Ireland should be kicking themselves
ESPN Australia's Gordon Bray
March 14, 2011
Italy's Sergio Parisse leads the celebrations after his side beat France in Rome © Getty Images
Back to the future is now the way forward for the Emerald Army.
Ireland should be kicking themselves. Coach Declan Kidney's best laid plans back-fired. Instead of playing England in Dublin for a shot at the Championship they now find themselves relegated to potential 'Grand Slam spoilers'.
By effectively electing to keep the roof open at Millennium Stadium, Kidney ensured a greasy, unstable surface and slippery ball - conditions seemingly tailor-made for Ronan O'Gara's skilful kicking game.
Only problem is that Ireland went overboard with their 'boot mindset' and lost their sense of balance in attack. Their veteran fly-half maestro was unable to exert the necessary territorial influence and as a consequence, far too much possession was kicked away.
The Irish backs are currently more creative and dangerous than their Welsh counterparts and caused havoc out wide when they kept the ball in hand. No better example occurred than in the final foray which saw Paddy Wallace make a fatal decision to cut back inside.
The irony of Kidney's master plan is that when O'Gara was replaced after 50 minutes it was a fluffed kick by Jonathan Sexton that led to Mike Phillips' illegal try.
If the Irish coach could roll back time, consider this scenario. Firstly, agree with Welsh coach Warren Gatland to close the roof. Select the more attack-minded Jonathon Sexton to start and then utilize O'Gara's experience to close things out if required at the end.
With a firmer pitch and less influence from the elements, Kidney could have employed a more positive game-plan. Especially after his side produced such a brilliant start that clearly rattled the Welsh.
That was precisely the time to really put the foot down and exercise the same ball-in-hand urgency and skill displayed in the final minute when everything was on the line.
Instead, the ensuing mind numbing strategy to often aimlessly hoof the ball downfield into the opposition half simply played into Welsh hands.
Barring a wet pitch in Dublin this weekend, Ireland need to restore the status quo and play their Sexton card which automatically means having a real crack at England.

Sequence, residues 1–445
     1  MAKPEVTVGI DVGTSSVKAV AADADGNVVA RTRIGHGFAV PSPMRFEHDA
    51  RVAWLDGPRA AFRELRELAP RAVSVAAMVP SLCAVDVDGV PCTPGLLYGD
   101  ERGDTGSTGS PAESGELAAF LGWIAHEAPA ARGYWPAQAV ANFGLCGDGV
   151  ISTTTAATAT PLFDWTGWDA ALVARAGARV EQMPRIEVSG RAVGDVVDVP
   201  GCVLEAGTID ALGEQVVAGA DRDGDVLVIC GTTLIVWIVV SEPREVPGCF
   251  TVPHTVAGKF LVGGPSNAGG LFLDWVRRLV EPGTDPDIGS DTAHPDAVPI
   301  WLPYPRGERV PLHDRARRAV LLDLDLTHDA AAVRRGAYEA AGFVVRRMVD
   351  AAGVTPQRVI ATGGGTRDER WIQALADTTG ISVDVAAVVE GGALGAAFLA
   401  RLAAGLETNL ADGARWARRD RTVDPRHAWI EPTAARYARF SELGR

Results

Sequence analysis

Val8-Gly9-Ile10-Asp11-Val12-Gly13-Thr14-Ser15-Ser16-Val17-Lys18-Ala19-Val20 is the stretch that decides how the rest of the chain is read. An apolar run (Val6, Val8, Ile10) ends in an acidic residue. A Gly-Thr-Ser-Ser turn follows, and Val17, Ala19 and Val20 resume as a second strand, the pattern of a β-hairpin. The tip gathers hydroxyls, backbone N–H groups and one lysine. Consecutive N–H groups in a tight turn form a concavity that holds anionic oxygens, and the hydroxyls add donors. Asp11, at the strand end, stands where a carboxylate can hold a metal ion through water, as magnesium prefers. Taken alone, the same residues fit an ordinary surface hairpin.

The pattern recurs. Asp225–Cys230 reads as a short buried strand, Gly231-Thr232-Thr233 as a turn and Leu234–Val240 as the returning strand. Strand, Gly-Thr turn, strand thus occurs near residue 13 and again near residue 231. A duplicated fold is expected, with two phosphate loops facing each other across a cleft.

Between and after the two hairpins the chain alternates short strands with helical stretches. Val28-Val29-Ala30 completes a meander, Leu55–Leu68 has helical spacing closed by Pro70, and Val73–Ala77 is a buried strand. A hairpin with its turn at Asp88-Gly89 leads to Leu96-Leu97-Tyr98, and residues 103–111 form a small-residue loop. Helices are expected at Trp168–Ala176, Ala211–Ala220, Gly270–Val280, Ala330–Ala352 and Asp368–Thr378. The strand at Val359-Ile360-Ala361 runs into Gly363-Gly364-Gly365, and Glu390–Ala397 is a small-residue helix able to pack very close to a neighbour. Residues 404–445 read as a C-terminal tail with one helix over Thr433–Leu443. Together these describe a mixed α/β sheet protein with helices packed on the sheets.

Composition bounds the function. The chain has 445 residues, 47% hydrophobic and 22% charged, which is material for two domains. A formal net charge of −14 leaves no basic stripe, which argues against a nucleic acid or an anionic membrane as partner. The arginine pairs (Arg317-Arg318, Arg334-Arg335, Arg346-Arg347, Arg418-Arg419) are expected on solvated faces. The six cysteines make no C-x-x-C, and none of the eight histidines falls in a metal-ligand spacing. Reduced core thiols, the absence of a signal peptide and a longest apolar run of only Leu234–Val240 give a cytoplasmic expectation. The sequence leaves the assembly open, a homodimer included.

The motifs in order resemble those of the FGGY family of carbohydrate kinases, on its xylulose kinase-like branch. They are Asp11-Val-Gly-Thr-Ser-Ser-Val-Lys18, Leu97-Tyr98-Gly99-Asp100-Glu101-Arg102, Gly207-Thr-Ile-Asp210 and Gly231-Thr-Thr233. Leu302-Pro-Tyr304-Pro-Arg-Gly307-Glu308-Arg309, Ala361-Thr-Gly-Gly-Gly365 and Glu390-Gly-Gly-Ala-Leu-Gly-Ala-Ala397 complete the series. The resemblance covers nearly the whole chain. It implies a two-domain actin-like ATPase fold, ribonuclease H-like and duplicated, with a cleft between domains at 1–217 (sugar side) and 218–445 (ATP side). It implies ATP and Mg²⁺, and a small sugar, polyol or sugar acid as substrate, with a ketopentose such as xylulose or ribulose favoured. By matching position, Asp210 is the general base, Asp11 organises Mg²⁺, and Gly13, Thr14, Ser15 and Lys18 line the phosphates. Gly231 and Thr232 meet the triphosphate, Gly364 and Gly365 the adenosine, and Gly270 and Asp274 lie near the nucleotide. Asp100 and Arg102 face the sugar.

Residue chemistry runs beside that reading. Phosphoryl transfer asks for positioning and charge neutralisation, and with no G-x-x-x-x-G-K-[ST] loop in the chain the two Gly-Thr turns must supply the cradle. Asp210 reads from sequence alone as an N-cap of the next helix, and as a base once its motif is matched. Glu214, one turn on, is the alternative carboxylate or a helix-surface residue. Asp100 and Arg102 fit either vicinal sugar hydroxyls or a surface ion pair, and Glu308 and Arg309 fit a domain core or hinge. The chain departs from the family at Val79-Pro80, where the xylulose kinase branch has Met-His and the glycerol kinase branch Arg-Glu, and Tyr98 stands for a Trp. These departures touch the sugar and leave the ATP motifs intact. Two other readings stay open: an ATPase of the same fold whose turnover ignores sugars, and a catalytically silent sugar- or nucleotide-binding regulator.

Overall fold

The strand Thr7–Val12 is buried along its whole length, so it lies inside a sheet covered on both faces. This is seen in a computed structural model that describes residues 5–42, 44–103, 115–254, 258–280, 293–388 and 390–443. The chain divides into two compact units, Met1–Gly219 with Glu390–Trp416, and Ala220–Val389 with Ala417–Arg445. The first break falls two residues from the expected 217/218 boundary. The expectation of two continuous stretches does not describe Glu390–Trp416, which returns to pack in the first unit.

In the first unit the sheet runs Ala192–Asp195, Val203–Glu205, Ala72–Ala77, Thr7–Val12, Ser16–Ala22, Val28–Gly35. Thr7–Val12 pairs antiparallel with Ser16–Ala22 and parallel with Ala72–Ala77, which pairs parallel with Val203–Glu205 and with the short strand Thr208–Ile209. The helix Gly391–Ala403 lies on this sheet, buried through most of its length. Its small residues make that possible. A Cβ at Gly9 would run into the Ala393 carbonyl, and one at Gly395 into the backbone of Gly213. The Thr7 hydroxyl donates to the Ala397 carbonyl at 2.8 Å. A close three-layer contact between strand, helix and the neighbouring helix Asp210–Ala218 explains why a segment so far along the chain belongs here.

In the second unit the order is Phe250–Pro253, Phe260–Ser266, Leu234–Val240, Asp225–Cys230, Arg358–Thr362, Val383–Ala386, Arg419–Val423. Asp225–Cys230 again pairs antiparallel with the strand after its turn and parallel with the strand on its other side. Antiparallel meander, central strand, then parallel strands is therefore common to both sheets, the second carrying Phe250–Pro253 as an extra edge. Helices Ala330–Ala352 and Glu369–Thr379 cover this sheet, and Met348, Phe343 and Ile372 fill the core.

Once the young fly-half overcame that initial mistake, he struck the right balance between a ball-in-hand focus and tactical kicking. The Irish backs, with Peter Stringer's swift service at scrum-half, suddenly looked sharper and more dangerous.
Kidney will argue that with better execution, his strategy would have paid off especially after the clever maul pilfering of the greasy ball by his fiercely committed forwards.
It is all academic now although one thing is certain. A similar approach and the same order of player appearance are unlikely to carry the day this weekend.
Who would want to be a national coach? Frenchman Marc Lievremont finds himself balancing on the highwire, having forcibly swapped that position with Nick Mallett after Italy's inspired triumph.
Stadio Flaminio has become a minefield for visiting teams this season. Both Ireland and Wales were extremely lucky to emerge unscathed.
Italy's famous victory over France was built on three rocks. Tight-head Martin Castrogiovanni, skipper Sergio Parisse and fullback Andrea Masi. And let's also acknowledge the mental victory for Mirco Bergamasco who corrected a flawed goal-kicking technique on the run.
Castrogiovanni had a tough day in the scrum but kept turning up all over the field to lead the charge. Parisse was ever-present as the knowing and revered godfather and Masi played like a runaway bus with a jammed accelerator.
And so the final grand slam assault awaits. Very good teams can still play badly and win the big games. But only great teams can play badly and win the biggest games. England must lift and they surely will but so will Ireland.
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